A Pennsylvania grants coordinator asked for a raise 3½ years after joining her employer, and again a year later. Neither request drew a response. So, the following year, she filed a complaint of pay discrimination under the Equal Pay Act.
What happened. “Mauro” joined the Allegheny County Police Department with the title of grants coordinator in 2001. Once on the job, she learned that a male colleague with the title of fiscal manager was earning $7,000 more annually than Mauro. In 2004, she formally requested a title change to grants and projects manager, as well as to be paid the same as or more than the fiscal manager. She made the same request in 2005, but wasn't answered either time.
In 2006 she complained to the county's HR department and filed suit in federal court. HR asserted, 5 months later, that she was being paid fairly for her work and that there was no discrimination. She added a charge of violation of federal civil rights law to her lawsuit.
In federal district court, Mauro argued that the pay discrimination went back to her hiring date in 2001. But while her suit was being considered, the Supreme Court decided in Ledbetter v. Goodyear that a plaintiff has only 300 days after a discriminatory pay decision to file a suit—a deadline that Mauro had clearly missed. She appealed to the 3rd Circuit, which covers Delaware, New Jersey, and Pennsylvania.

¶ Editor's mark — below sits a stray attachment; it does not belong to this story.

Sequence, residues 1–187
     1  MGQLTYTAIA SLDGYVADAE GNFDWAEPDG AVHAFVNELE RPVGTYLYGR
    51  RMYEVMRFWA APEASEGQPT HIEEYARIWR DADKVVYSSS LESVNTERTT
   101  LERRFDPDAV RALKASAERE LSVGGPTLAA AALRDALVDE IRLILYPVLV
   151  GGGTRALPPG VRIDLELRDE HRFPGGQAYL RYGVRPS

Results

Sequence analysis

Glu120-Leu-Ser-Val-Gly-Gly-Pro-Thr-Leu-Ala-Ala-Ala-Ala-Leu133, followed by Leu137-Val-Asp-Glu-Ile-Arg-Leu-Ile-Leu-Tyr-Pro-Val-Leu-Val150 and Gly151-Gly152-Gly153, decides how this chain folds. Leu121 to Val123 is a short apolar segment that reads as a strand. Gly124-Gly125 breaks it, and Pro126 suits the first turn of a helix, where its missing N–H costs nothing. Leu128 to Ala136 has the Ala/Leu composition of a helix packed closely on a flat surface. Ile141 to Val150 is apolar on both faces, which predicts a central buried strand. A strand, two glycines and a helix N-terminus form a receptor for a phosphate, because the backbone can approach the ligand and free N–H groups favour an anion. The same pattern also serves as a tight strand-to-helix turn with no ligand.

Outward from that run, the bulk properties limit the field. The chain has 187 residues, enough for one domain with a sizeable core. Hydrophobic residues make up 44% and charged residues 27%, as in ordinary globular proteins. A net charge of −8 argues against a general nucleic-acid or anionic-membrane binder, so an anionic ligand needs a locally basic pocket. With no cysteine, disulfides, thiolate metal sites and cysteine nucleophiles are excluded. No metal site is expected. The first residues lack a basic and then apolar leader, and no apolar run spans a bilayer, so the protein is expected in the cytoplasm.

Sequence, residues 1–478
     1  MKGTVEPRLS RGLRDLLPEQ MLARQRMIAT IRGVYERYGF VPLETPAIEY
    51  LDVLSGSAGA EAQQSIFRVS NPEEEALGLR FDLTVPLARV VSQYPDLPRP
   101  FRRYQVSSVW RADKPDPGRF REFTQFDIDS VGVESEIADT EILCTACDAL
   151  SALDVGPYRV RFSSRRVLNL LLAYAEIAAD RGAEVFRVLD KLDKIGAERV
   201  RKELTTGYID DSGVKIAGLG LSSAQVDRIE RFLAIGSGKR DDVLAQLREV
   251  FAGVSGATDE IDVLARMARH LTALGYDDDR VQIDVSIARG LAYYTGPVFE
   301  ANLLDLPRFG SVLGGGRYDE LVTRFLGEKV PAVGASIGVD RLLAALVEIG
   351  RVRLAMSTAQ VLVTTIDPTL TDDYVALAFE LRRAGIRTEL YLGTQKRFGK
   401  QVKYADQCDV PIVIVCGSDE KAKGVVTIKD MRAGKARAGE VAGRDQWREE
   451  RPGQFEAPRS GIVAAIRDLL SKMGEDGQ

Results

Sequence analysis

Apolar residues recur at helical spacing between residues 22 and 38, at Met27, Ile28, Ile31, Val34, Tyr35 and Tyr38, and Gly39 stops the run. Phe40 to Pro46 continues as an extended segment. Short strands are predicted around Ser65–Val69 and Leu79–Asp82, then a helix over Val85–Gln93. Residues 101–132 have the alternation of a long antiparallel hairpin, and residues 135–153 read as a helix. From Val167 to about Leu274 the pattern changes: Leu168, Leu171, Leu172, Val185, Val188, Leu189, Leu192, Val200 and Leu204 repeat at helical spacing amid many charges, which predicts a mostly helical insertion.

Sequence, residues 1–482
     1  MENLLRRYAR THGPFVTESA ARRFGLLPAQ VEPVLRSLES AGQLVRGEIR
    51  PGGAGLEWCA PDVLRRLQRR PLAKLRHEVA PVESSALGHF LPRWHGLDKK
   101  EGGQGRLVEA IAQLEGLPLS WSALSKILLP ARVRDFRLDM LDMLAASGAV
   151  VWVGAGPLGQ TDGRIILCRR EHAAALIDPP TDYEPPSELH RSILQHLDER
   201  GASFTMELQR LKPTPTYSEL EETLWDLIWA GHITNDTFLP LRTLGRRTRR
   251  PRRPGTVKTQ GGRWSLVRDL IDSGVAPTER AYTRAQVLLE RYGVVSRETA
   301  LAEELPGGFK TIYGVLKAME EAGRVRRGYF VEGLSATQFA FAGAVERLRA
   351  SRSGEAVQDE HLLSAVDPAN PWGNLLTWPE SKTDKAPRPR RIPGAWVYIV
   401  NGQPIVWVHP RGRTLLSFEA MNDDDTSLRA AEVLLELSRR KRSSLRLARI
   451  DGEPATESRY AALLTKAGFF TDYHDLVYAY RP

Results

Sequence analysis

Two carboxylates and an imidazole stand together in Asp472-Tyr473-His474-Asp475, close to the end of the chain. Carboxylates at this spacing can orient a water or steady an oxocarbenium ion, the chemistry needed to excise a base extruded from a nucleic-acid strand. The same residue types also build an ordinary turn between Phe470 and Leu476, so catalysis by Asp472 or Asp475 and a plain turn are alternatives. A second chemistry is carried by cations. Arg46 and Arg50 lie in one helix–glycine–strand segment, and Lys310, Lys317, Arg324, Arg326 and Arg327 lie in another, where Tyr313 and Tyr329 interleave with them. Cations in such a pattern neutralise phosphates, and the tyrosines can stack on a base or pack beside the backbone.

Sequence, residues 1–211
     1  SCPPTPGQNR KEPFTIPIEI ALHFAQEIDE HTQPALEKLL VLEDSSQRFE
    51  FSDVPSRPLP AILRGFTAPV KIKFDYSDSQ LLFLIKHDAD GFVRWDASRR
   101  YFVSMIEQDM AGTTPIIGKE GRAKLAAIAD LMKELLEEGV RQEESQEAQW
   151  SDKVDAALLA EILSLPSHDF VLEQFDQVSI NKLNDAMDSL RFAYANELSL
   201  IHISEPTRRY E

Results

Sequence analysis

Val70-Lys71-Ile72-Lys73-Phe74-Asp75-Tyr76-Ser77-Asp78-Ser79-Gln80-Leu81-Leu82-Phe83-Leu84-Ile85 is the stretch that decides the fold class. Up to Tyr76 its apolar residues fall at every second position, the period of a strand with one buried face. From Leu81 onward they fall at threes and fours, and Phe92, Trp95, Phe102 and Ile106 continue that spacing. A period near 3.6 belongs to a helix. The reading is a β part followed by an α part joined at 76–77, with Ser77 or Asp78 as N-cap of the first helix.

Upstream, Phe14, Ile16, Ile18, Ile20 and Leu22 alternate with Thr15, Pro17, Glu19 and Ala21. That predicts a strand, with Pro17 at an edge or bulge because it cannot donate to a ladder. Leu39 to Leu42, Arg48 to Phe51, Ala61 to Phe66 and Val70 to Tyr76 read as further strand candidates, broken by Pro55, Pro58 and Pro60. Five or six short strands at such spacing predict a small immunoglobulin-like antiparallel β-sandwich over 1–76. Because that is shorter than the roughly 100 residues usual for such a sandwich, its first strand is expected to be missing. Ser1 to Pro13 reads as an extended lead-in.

What the court said. Appellate judges originally heard Mauro's suit in March 2009 and, like the district court, dismissed it as having been filed too late. But in the meantime, Congress had passed the Lilly Ledbetter Fair Pay Act, which was retroactive to all cases that were pending on or after May 28, 2007. That change allowed more time for Mauro between the county's decisions about her pay and her lawsuit. In addition, Mauro had represented herself earlier before the judges. But she then obtained some hefty help for her case when the National Women's Law Center, the American Civil Liberties Union, and the National Partnership for Women and Families filed a joint brief on her behalf.
Appellate judges agreed to rehear her case, and this time they ruled that the county's failures to respond in 2004 and 2005 were forms of denying her a raise, which might have been discriminatory. So, her suit can go forward. Mikula v. Allegheny County, U.S. Court of Appeals for the 3rd Circuit, No. 07-4023 (9/10/09).
Point to remember: The Ledbetter Fair Pay Act names each paycheck emanating from an earlier discriminatory pay decision as a new discriminatory act, which provides plaintiffs with more time to discover their salary discrepancy and go to court.